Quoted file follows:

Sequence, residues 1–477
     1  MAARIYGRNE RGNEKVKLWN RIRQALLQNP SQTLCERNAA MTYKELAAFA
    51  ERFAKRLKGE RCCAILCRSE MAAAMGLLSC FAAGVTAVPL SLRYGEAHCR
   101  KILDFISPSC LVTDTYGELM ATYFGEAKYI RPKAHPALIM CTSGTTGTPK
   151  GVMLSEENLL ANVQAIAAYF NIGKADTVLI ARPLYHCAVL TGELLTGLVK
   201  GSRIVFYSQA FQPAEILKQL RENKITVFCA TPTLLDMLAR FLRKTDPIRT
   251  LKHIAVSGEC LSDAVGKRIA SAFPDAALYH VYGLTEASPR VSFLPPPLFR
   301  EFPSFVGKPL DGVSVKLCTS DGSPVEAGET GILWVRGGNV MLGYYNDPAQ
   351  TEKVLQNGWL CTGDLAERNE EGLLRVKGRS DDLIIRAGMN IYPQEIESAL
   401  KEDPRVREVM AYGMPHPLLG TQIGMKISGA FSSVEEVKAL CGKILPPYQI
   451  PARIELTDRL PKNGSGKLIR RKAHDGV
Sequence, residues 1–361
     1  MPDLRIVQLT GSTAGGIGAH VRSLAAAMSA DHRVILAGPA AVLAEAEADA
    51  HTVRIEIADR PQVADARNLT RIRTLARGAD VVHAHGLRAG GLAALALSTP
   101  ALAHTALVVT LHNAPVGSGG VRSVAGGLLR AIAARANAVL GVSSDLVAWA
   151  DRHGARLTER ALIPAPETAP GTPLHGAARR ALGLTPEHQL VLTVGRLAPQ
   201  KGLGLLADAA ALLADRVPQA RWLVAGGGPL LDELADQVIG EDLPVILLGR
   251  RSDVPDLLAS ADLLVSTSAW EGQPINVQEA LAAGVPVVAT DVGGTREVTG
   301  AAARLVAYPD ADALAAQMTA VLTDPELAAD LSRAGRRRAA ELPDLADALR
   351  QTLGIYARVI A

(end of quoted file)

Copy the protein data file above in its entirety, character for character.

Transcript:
Sequence, residues 1–477
     1  MAARIYGRNE RGNEKVKLWN RIRQALLQNP SQTLCERNAA MTYKELAAFA
    51  ERFAKRLKGE RCCAILCRSE MAAAMGLLSC FAAGVTAVPL SLRYGEAHCR
   101  KILDFISPSC LVTDTYGELM ATYFGEAKYI RPKAHPALIM CTSGTTGTPK
   151  GVMLSEENLL ANVQAIAAYF NIGKADTVLI ARPLYHCAVL TGELLTGLVK
   201  GSRIVFYSQA FQPAEILKQL RENKITVFCA TPTLLDMLAR FLRKTDPIRT
   251  LKHIAVSGEC LSDAVGKRIA SAFPDAALYH VYGLTEASPR VSFLPPPLFR
   301  EFPSFVGKPL DGVSVKLCTS DGSPVEAGET GILWVRGGNV MLGYYNDPAQ
   351  TEKVLQNGWL CTGDLAERNE EGLLRVKGRS DDLIIRAGMN IYPQEIESAL
   401  KEDPRVREVM AYGMPHPLLG TQIGMKISGA FSSVEEVKAL CGKILPPYQI
   451  PARIELTDRL PKNGSGKLIR RKAHDGV
Sequence, residues 1–361
     1  MPDLRIVQLT GSTAGGIGAH VRSLAAAMSA DHRVILAGPA AVLAEAEADA
    51  HTVRIEIADR PQVADARNLT RIRTLARGAD VVHAHGLRAG GLAALALSTP
   101  ALAHTALVVT LHNAPVGSGG VRSVAGGLLR AIAARANAVL GVSSDLVAWA
   151  DRHGARLTER ALIPAPETAP GTPLHGAARR ALGLTPEHQL VLTVGRLAPQ
   201  KGLGLLADAA ALLADRVPQA RWLVAGGGPL LDELADQVIG EDLPVILLGR
   251  RSDVPDLLAS ADLLVSTSAW EGQPINVQEA LAAGVPVVAT DVGGTREVTG
   301  AAARLVAYPD ADALAAQMTA VLTDPELAAD LSRAGRRRAA ELPDLADALR
   351  QTLGIYARVI A